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The "Founding Mother"


   Sue Grafton has called Marcia Muller the "founding mother of the contemporary female hard-boiled private eye." She began writing about a female PI in the mold of Sam Spade or Philip Marlowe in 1977 -- five years before Grafton's Kinsey Millhone and Sue Paretsky's V.I. Warshawsli joined what was to be a major trend in mystery novels in the late 20th Century.

   Marcia Muller was born in Detroit, Michigan in 1944. She earned a bachelor's degree in English and a master's degree in journalism from the University of Michigan. Upon graduation, she moved to San Francisco to work for Sunset magazine. Later she was a freelance journalist, writing feature articles for a number of publications, before taking up mystery writing. She is the wife and sometime coauthor of mystery writer Bill Pronzini.

   Muller published her first mystery, Edwin of the Iron Shoes, in 1977. The novel introduced Sharon McCone, investigator for the All Souls Legal Cooperative in San Francisco. Her investigation of the murder of an antique store owner who had been stabbed with a dagger from one of her display cases uncovers a variety of suspects. The only witness cant speak because it is a little-boy mannequin with iron shoes who she names "Edwin of the Iron Shoes." The characterization is excellent and the evocation of an inner city neighborhood is point on. As a whole, the writing is clear and to-the-point in thius well-crafted mystery. Muller tells a good story and carefully wraps up each loose end, revealing the killers identity only at the end.

   The Sharon McCone tales that followed have all been good but, in my estimation, none has equaled this outstanding debut.

   The debut of another series impressed me just as much as had Edwin of the Iron Shoes when I read Point Deception (2002). The story begins with a common enough situation, the car driven by a young woman named Chrystal has broken down forcing her to pull off the road on an isolated stretch of a coastal highway and no one will stop to help her. Among those who pass her by is Deputy Rhoda Swift responding to another call rather than assist the stranded woman. When Chrystal's body is found, washed up along the coast, Deputy Swift is one of many locals who experience guilt feelings about their lack of good Samaritanism.

   The murder stirs up uncertainties and fears that had arose from an earlier tragedy. Almost exactly thirteen years before, the coastal community had been shocked by the massacre of two families in Cascada Canyon near where Chrystal's car had broken down. Deputy Swift, then an inexperienced rookie, was the first on the scene and she has never recovered from the experience. Although they've learned to live with the fact that the murder has never been solved, and probably never will be, the locals can't get over the fact that the murderer is most likely one of them. This new death only serves to stir the whole thing up again, especially when two other townswomen die. It is only gradually revealed that the locals are correct in their instinctive connection between the murders, separated though they are by thirteen years.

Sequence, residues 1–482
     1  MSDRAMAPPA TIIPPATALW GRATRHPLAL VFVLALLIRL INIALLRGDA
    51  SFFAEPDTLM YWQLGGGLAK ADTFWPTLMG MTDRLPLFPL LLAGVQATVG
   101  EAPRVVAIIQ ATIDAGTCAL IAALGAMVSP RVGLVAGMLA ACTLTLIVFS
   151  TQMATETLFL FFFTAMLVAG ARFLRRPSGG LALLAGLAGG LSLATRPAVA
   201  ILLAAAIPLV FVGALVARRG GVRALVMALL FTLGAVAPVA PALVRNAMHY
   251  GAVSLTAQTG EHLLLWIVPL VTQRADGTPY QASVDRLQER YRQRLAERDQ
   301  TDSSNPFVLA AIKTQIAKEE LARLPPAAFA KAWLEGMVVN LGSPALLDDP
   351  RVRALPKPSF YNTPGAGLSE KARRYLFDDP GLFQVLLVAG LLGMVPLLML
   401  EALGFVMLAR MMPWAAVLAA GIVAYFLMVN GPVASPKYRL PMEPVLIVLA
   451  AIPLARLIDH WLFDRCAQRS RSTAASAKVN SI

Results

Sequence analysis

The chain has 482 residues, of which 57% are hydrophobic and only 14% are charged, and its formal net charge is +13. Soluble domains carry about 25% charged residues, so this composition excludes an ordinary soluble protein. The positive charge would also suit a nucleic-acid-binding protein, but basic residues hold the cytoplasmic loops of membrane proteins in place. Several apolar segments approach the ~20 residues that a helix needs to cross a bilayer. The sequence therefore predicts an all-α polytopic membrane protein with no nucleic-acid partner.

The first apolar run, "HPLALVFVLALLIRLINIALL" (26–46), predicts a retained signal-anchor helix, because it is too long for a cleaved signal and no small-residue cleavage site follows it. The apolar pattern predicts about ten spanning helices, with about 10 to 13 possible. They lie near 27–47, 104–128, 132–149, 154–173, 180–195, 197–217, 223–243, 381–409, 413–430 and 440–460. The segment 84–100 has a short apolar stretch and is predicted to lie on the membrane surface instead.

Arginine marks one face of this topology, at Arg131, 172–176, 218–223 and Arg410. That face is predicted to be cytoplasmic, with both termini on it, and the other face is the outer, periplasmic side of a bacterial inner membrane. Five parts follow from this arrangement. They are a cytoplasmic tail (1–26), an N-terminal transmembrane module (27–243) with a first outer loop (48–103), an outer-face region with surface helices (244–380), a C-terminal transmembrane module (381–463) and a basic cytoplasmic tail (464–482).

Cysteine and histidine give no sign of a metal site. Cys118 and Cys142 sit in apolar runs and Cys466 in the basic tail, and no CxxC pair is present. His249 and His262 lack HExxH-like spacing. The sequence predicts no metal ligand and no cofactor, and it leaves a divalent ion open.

As in all of her novels, Muller displays a great talent for bringing her characters to life. This is as true of lesser supporting characters as it is of the two protagonists. I found her verbal portrait of Deputy Swift's father to be particularly believable and touching.

   The girl Chrystal, whose car broke down, is presented in a highly sympathetic manner if not portrayed as an especially nice person. In an unusual authorial device, Muller intersperses throughout the novel a number of flashbacks to Chrystal's experiences before the opening scenes of the novel. This means that the reader knows more about what happened than do the protagonists at most points in the novel. Such a technique could backfire badly but Muller makes very effective use of it.

   Deputy Swift, the protagonist of the story, is a complex and troubled character who makes a fine detective. She collaborates with true crime writer Guy Newberry, a man who is also scarred by past tragedy. The two of them get nearly equal page space and one is left hoping that the team will return soon with new mysteries to solve.